Fig. 3 shows a more comprehensive lifeline including lab tests and other kinds of services. Services are shown in a standard way. Services with numerical results are automatically shown as a simple line graph, other services as boxes similar to the medicine boxes. Some services can be shown in a special way when you click their box. The bronchial screen above is an example of a "special way". New special presentations can be added on a departmental basis. There are screens for ordering medicine (Fig. 4) and giving medicine (Fig. 5), ordering services, etc. In total around 20 screens, all made with Uvis formulas.

Anonymizing a large health record database

As part of the uVis project, we anonymized a large relational database of electronic health records. This was much harder than anticipated. Structured data in the tables were relatively easy, but identifying data could also hide in free-text notes. We also had to ensure consistency so that data still gave a correct picture of the patient's medical history: Preserving (pdf, 13 pages, 2016)

Working papers

Uvis Reference Card. Print on both sides and fold: Download (pdf)

2013: Soren Lauesen: The Uvis project. 10 pages: Download (pdf)

2013: Soren Lauesen, Mohammad A. Kuhail, Kostas Pandazos, Shangjin Xu, and Mads B. Andersen: Uvis - Visualization and interaction with a drag-drop-formula tool, 16 pages: Download (pdf)

2012: Soren Lauesen, Mohammad A. Kuhail, Kostas Pandazos, Shangjin Xu and Mads B. Andersen: Extending applications with visualization, 9 pages: Download (pdf)

2012: Soren Lauesen, Mohammad A. Kuhail, Kostas Pandazos, Shangjin Xu and Mads B. Andersen: A drag-drop-formula tool for custom visualization, 10 pages: Download (pdf)

2009: Soren Lauesen: VisTool (later: Uvis) for data visualization, 18 pages. This is the original document that described the principle and visions behind the tool.: Download (pdf)

2009: Soren Lauesen: Requirements specification for VisTool (later: Uvis) - a development tool for complex data visualization, 51 pages. This is the original requirements specification for the tool: Download (pdf).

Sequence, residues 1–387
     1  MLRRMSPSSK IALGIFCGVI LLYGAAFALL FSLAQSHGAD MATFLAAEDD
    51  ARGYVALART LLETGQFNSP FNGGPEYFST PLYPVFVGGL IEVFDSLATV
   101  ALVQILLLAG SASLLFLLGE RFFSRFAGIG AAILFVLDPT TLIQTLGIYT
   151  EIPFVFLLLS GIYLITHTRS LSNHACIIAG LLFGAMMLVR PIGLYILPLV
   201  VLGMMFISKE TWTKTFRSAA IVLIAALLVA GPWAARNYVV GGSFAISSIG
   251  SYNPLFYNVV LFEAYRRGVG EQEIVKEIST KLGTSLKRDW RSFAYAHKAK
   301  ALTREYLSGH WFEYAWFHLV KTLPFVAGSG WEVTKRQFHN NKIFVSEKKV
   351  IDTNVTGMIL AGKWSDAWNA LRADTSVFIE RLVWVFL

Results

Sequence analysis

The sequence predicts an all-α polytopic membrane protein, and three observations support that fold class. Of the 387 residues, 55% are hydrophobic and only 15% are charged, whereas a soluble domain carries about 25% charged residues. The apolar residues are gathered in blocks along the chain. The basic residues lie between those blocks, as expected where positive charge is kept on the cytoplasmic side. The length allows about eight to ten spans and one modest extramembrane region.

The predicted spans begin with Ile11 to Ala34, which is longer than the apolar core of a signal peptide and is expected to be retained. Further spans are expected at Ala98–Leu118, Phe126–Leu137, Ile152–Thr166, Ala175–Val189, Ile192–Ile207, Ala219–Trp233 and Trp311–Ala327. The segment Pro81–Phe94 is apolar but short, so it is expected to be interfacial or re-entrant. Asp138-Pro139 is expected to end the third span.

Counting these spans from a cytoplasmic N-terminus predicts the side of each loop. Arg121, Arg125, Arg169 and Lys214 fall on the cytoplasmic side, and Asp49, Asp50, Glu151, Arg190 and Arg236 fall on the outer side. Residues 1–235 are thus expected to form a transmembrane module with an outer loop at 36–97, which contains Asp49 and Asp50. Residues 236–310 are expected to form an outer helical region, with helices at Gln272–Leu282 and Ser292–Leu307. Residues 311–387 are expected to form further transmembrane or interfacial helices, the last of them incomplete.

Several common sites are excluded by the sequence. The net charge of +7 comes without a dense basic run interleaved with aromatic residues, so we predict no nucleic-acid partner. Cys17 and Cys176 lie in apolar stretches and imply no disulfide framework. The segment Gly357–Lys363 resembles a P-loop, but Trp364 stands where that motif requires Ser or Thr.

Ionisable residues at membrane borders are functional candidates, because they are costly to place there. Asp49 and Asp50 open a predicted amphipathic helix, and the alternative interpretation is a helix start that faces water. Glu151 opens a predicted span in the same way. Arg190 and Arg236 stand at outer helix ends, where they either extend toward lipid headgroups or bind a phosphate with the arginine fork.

Ph.D. theses

2013: Kostas Pantazos: Custom Visualization without Real Programming, 207 pages: Download (pdf)

2012: Mohammad A. Kuhail: Custom Formula-Based Visualizations for Savvy Designers, 147 pages: Download (pdf)

2012: Shangjin Xu: VisTool - A user interface and visualization development system, 132 pages: Download (pdf)

Peer-reviewed papers

2016: Kostas Pantazos and Soren Lauesen: End-User Development of Visualizations, 10 pages. Journal of Imaging Science and Technology, 60(1): 010408-1-010408-10, 2016: Download (pdf)

2016: Kostas Pantazos, Soren Lauesen and Soren Lippert: Preserving medical correctness, readability and consistency in de-identified health records, 13 pages, Health Informatics Journal, DOI: 10.1177/1460458216647760: Download (pdf)

2013: Kostas Pantazos, Mohammad A. Kuhail, Soren Lauesen, Shangjin Xu: Uvis Studio - An Integrated Development Environment for Visualization. In Proc. of Visualization and Data Analysis, page 15-30, 2013: Download (pdf)

2013: Mohammad A. Kuhail, Kostas Pantazos, Soren Lauesen: The Inspector: A Cognitive Artefact for Visual Mapping. Proceedings of IVAPP 2013.

2012: Kostas Pantazos, Soren Lauesen: Constructing Visualizations with InfoVis Tools - An Evaluation from a User Perspective. In Proc. of GRAPP/IVAPP, page 731-736, 2012: Download (pdf)

2012: Mohammad A. Kuhail, Soren Lauesen: Customizable Visualizations with Formula-linked Building Blocks. In GRAPP/IVAPP, pages 768-771, 2012.

2012: Mohammad A. Kuhail, Kostas Pandazo, Soren Lauesen: Customizable Time-Oriented Visualizations. In ISVC (2), pages 668-677, 2012.

2012: Mohammad A. Kuhail, Soren Lauesen, Kostas Pantazos, Shangjin Xu: Usability Analysis of Custom Visualization Tools. In SIGRAD 2012 proceedings, pages 19-28.

2011: Kostas Pantazos, Soren Lauesen & Soren Lippert (2011): De-identifying an EHR database - Anonymity, Correctness and Readability of the Medical Record. Proceedings of MIE2011: Download (pdf)

2011: Kostas Pantazos: Engaging Clinicians in the Visualization Design Process - Is It Possible?: In Proc. Workshop on Visual Analytics in Healthcare (VAHC) in conjunction with IEEE VisWeek, page 40-43, 2011: Download (pdf)